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Global Supply Chain News: Dramatic Changes in Global Shipping as a Result of Collapse of Demand Due to Coronavirus

 

 

Many Product Categories See Sharp Drop, but On-Line Sales Holding Up, Shipping CEO Says


April 1, 2020
SCDigest Editorial Staff

In January, container shipping lines cut back on sailings out of China, as the coronavirus there caused factories to close and many ports to shut down for periods of time. Cargo containers piled up at terminals and on vessels for weeks as operations in China ground to a near halt.

Now, as the virus hammers the West, carriers are moving even faster to cancel sailing, but now due to falling demand in many sectors, which is resulting in huge overcapacity.

Supply Chain Digest Says...

While demand plummets for items from apparel to auto parts, demand for imported food and other consumer staples is surging.


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Last week, the carriers had cancelled two sailings due to the pandemic spread. However, as of Sunday, that number had increased to 45 blank sailings, according to data carried in the latest report from Copenhagen-based Sea-Intelligence Consulting.

According to the Splash24x7 web site, it is not just the scale of the voided sailings, but the speed with which they are being announced that is expected to create supply chain challenges for many shippers.

"Typically, shipper supply chains are fairly resilient if a 3-4 week notice is given… That carriers now cancel multiple service with very short notice should therefore be seen as a clear indication of just how quickly demand is dropping, due to the pandemic shutdown of major parts of the global economy," Sea-Intelligence said in its report.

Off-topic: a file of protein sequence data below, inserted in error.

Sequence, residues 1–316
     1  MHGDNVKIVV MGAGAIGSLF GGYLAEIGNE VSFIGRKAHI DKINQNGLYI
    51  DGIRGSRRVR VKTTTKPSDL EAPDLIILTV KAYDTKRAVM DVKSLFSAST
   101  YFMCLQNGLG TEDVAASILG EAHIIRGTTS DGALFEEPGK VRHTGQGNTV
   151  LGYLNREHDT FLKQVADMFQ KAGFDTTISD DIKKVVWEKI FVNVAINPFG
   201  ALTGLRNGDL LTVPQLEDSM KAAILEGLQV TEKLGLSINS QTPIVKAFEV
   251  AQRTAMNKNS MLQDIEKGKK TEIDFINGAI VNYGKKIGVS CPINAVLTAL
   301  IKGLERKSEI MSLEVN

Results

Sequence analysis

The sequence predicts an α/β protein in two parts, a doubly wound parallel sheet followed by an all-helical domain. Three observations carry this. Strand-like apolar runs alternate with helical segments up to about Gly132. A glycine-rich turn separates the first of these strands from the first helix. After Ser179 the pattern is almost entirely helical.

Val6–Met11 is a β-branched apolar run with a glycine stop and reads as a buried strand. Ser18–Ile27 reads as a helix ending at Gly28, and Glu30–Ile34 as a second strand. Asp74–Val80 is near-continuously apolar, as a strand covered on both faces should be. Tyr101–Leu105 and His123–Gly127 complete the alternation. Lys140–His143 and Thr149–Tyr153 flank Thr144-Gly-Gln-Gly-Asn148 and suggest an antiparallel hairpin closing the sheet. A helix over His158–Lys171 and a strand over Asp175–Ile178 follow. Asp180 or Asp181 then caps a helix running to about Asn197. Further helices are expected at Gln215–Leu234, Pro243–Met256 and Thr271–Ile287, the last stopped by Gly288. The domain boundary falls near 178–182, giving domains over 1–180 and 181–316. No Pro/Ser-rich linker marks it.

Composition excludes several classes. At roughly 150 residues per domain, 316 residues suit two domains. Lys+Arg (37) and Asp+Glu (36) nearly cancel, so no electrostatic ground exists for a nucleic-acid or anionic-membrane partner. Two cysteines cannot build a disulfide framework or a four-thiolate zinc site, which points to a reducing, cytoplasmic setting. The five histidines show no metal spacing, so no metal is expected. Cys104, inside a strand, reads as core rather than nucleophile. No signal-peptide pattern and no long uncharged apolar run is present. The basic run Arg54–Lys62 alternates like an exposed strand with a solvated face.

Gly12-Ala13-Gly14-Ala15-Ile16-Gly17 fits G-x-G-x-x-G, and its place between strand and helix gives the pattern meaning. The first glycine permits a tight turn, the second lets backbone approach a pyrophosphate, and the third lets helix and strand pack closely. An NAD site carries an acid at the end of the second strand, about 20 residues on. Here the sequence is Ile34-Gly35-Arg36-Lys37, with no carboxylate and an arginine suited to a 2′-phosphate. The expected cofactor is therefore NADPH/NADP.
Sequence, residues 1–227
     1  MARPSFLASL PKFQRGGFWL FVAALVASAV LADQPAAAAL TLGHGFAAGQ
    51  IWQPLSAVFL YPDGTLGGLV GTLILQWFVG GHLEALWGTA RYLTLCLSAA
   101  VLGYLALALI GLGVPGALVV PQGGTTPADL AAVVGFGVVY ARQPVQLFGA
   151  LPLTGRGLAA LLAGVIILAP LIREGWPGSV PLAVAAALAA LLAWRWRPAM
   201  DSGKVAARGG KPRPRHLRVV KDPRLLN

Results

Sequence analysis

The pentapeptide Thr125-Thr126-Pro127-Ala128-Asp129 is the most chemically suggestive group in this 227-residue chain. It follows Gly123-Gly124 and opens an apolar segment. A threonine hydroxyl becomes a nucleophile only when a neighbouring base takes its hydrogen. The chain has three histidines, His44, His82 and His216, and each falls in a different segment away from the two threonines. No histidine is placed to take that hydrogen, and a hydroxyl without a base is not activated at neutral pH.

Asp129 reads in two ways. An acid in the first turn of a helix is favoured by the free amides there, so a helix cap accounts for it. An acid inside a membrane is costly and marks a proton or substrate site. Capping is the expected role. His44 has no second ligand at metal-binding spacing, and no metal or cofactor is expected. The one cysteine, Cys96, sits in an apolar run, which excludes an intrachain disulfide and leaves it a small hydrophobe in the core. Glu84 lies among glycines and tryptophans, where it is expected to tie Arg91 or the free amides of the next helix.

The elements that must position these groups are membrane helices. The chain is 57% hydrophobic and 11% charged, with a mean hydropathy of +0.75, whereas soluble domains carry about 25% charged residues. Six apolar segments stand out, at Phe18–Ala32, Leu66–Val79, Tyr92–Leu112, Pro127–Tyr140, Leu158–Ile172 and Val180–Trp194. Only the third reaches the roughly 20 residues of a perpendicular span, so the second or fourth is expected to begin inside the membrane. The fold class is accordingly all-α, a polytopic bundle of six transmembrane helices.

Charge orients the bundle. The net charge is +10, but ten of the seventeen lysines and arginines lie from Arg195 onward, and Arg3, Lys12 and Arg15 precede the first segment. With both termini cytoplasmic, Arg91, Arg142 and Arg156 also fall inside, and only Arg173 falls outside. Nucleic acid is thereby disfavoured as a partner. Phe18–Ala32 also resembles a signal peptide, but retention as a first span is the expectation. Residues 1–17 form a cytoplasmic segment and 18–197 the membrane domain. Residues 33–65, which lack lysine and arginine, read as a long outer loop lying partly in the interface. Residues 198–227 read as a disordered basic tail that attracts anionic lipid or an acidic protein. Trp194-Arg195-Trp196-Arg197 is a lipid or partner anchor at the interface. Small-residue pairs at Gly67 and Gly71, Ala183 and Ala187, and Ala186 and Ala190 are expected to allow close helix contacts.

As a result, inbound shipments into the US are falling rapidly.

Container volumes from China into California's three largest ports - Los Angeles, Long Beach and Oakland - were down 35.2% in February from a year ago, according to trade data research company Panjiva.

But that was mostly the result of supply issues China. Now, "we are looking at a demand side shock which is impacting North America and Europe by the sudden lockdowns of cities," Jeremy Nixon, CEO of Japanese container carrier Ocean Network Express, told the Wall Street Journal this week.

Panjiva's analysis found overall US seaborne imports fell 15% in the first two weeks of March, including a 44.9% decline in imports from China and a 6.5% slide in goods from Europe - and that as the virus was just catching hold in the US. The numbers for the second half of March are sure weaker still.

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The ports of Los Angeles and Long Beach said last week that they would cut the operating hours at their gates by an hour each day to thoroughly clean terminals and equipment there – though how you clean a massive port complex is not exactly clear.

While demand plummets for items from apparel to auto parts, demand for imported food and other consumer staples is surging, as it is for some other items from on-line merchants.

The Wall Street Journal reported that shipping executives say some big retailers selling those kinds of products are negotiating up to 30% more space on ships over the next three months - space that looks likely to be readily available.

Nixon said his shipper customers that sell on-line "see strong demand, and those who don't will see a fall."

All in all, it looks like another year of deep red ink for ocean container carriers.

 

How much do you think US imports will fall? Let us know your thoughts at the Feedback section below.

 

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